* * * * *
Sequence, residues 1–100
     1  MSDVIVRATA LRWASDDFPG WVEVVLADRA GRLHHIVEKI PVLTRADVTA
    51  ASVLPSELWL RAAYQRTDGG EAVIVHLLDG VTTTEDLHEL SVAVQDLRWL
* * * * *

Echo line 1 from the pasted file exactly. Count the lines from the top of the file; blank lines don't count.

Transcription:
Sequence, residues 1–100